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5 signs you are not ready for natural wine. Yet.

Having a glass of wine over Zoom – as is the way, lately – I was talking to an old colleague who lives in Sydney. She wanted to know what wine was in my glass. It was a natural wine by Monteforche in the Veneto.

“It looks cloudy, is it a wheat beer?”

“It’s a natural wine.”

“It looks faulty.”

“I think you would love natural wines. You do have to get your head around it first.”

“Yeah? Why should I have to get my head around anything? I have wine to relax. Not to think too hard.”

“Give it time.”

“Time?” she laughs, “That’s one thing I don’t have,”

I let the conversation drop.

After all, I can’t put my hand through the screen and offer her a taste of what’s in my glass. As much as I wanted to.

The natural wine journey begins…

Monteforche Cassiara 2018 (Veneto). Moscato and Garganega blend from Oranj

Recently, I met Edwin from new natural wine, art and music platform, Oranj Wines. His background is in craft beer. So it was interesting to hear him mention he had been on a “natural wine journey.”

What is a natural wine journey?

(And it is a journey.)

I started my natural wine journey in bars and bistros in Paris. Nowadays, fantastic natural wine can be found in most wine shops and restaurants in London (and around the world). And there are new start-ups such as Oranj.

Let’s start at the very beginning. How can you tell who will understand these wines or even if these wines are for you?

1. Spend the majority of dinner trying to decide whether a wine is faulty

One night you’ll be at a fancy restaurant, dressed up for the occasion and ready to spend considerable money on your evening. Then, usually, an alpha person will stand up to point out to the sommelier, and so everyone in earshot, that the wine they are drinking is FAULTY!!!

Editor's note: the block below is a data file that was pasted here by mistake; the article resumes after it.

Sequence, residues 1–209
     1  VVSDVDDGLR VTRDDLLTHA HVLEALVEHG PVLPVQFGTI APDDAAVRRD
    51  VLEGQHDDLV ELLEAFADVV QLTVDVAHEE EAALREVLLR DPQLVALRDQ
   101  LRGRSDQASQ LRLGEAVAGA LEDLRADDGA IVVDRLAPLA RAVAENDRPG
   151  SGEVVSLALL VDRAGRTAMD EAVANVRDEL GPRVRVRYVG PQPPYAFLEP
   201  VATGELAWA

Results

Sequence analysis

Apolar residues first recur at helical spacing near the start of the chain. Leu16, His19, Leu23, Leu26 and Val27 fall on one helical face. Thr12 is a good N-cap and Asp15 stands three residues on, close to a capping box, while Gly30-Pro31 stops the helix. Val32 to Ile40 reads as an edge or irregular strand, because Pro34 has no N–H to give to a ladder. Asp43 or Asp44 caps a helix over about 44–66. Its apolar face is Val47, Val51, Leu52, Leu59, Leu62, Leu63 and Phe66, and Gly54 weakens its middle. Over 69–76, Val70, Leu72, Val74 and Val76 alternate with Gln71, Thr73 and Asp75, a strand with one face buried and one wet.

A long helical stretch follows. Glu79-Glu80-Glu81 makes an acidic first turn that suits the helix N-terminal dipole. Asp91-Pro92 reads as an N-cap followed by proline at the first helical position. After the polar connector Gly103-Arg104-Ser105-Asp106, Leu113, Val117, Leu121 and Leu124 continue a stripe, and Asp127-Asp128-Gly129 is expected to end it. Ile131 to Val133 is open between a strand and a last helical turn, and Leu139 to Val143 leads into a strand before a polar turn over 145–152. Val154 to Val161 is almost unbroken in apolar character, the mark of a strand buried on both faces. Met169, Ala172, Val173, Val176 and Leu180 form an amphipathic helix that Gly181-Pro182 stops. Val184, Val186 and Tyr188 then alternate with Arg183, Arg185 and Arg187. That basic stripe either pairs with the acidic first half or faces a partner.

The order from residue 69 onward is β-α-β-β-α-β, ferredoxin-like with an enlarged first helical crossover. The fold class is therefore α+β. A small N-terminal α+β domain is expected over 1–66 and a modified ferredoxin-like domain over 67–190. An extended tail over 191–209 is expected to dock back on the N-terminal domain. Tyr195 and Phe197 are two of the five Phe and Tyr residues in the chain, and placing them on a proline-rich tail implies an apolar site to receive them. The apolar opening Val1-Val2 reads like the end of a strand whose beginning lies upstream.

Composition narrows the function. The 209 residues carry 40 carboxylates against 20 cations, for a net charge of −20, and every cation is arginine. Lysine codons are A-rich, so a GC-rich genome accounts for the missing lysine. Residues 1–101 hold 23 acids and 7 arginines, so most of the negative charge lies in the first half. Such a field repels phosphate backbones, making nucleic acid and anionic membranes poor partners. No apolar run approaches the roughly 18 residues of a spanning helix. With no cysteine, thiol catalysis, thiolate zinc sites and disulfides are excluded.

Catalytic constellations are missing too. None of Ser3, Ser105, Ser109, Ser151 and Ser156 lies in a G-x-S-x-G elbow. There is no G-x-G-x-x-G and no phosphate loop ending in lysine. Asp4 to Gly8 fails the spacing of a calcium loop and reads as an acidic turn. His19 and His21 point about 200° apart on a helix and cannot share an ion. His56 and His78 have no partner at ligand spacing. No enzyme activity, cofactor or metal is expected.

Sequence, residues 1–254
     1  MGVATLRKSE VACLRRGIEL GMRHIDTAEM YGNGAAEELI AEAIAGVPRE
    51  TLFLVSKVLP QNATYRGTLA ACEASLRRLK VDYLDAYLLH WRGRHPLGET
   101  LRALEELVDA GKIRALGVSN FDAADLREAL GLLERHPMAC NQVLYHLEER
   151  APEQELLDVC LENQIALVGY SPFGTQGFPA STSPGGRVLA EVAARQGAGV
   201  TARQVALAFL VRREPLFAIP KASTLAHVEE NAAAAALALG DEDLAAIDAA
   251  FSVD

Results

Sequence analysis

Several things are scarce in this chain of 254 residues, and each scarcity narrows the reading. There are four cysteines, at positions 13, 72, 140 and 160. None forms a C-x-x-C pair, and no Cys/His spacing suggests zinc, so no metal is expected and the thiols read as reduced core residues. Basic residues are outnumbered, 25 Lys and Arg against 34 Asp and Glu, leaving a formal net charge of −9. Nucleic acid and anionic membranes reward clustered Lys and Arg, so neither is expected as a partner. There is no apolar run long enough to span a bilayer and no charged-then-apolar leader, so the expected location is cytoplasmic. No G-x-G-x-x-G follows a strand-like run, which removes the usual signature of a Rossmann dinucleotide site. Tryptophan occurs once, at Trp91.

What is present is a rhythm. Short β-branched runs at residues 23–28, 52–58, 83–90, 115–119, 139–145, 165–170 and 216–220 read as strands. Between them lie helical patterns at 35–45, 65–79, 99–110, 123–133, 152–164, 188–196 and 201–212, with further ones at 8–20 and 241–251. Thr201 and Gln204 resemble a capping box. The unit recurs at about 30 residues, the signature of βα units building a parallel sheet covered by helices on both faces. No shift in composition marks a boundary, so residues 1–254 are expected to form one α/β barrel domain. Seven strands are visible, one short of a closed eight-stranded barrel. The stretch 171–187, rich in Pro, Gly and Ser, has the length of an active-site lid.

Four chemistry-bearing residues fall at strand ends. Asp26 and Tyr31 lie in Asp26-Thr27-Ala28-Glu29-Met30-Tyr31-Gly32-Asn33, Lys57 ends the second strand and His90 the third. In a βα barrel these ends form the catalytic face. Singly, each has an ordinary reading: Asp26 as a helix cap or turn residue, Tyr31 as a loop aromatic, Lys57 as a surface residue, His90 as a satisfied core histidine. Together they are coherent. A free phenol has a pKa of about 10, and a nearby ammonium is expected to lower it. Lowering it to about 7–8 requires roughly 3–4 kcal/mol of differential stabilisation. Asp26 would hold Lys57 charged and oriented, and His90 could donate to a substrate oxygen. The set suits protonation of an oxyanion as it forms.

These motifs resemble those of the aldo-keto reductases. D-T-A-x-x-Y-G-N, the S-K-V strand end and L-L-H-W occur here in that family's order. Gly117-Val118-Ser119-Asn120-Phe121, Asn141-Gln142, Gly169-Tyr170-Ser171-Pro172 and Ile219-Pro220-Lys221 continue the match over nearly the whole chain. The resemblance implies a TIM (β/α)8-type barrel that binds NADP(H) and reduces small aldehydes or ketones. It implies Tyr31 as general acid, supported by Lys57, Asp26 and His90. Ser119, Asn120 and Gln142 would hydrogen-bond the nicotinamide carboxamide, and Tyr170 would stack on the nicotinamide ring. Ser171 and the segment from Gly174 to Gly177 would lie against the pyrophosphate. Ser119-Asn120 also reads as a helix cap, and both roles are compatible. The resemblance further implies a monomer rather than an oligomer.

Usually announced when everyone else at the table is midway enjoying their glass of said “faulty” wine.

Instead of being the professional he/she claims to be by such announcements and swiftly telling the staff to change the bottle without fuss, they bring all the focus to them and carry on about their “wine knowledge”.

All wines have faults. Natural wine or not. It’s not a crime. It’s wine. The irony is that after ruining everyone’s meal, it might not even be a fault.

It is very unlikely this person will ever have the patience to understand how natural wine works. They have to get over their ego first, and that can take decades, if ever.

2. Tasting in acronyms

You will recognise this one if you have ever studied wine.

We all have acronyms to get through the endurance test that is the WSET (Wine & Spirits Education Test) exams. As long as you tick the boxes in the WSET exam, and learn the acronyms to help you do that, then you will pass.

There is a need to have an industry-wide standard of wine language such as WSET. It’s just that natural wines don’t readily fit into the checkboxes that are drilled into you.

If you continue judging natural wine this way, you will get lost pretty quickly.